||Making Kamiks - Tools Made for a Woman’s Hand
In the process of outfitting their families, Inuit women prepared the skins through various stages, and constructed skin garments and boots by hand. The ulu is their most valued tool, and is often made to fit their own hands. Its various shapes and sizes serve different cutting and scraping functions. Other tools serve to scrape, soften, and work the skins. Inuit still make and use these tools today, although they sometimes buy them, or use modern rather than natural materials.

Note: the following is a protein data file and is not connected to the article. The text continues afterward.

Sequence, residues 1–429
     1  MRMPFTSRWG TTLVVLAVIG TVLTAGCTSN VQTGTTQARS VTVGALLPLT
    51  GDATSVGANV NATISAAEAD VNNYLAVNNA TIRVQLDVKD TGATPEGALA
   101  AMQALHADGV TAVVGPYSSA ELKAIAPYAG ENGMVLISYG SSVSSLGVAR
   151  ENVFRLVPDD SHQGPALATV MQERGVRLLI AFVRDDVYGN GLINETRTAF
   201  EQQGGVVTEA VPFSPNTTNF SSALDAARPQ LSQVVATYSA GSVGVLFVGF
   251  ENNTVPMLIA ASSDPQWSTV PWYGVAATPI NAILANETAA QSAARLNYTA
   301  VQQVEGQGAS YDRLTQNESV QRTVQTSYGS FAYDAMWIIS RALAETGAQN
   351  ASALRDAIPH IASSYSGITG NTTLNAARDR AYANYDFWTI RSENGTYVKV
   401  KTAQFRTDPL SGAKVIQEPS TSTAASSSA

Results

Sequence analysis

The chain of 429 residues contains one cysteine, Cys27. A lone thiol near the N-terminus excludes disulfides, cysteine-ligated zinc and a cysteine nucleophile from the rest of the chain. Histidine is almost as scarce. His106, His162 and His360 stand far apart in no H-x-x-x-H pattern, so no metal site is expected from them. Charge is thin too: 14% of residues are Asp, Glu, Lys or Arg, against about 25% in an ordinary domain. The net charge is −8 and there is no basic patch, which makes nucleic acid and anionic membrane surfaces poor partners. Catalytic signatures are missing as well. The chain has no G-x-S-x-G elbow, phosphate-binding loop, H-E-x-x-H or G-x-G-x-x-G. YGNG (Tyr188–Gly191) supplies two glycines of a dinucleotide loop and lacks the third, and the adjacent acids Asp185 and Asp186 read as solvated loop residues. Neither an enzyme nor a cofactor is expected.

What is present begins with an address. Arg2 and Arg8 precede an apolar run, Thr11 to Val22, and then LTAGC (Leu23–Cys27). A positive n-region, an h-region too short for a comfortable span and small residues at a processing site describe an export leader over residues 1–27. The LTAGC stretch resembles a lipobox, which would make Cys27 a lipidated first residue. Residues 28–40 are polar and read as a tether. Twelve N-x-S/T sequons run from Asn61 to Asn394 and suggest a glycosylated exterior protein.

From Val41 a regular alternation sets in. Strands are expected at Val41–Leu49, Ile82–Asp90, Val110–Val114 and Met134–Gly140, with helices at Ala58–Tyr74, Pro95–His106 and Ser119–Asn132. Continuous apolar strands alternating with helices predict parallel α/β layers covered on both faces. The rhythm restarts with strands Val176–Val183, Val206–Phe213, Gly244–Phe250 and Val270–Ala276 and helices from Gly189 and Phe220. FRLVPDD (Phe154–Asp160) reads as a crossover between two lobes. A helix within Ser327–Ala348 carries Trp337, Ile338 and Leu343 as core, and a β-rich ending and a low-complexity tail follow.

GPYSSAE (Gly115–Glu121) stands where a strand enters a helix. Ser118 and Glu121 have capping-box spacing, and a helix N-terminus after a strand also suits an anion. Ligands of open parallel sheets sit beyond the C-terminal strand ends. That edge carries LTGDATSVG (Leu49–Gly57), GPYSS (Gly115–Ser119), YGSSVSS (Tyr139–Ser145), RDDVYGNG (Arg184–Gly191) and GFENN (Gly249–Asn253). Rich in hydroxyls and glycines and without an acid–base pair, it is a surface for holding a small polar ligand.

"I use one type of scraper for softening caribou skins and another type for seal skins. When I was little I started playing with scrapers and tools by practicing on skins."
Quqshuun, Gjoa Haven 1986
"You need a sharp ulu for taking blubber and hair off seal skins. It takes a lot of time to re-sharpen an ulu if someone has let it get in bad shape."
Katherine Kopak, Arviat, 1986
"Straight scrapers are used to press out the excess water and fat from seal hair after washing the skin."
Elisapee Alooloo, Arctic bay, 1984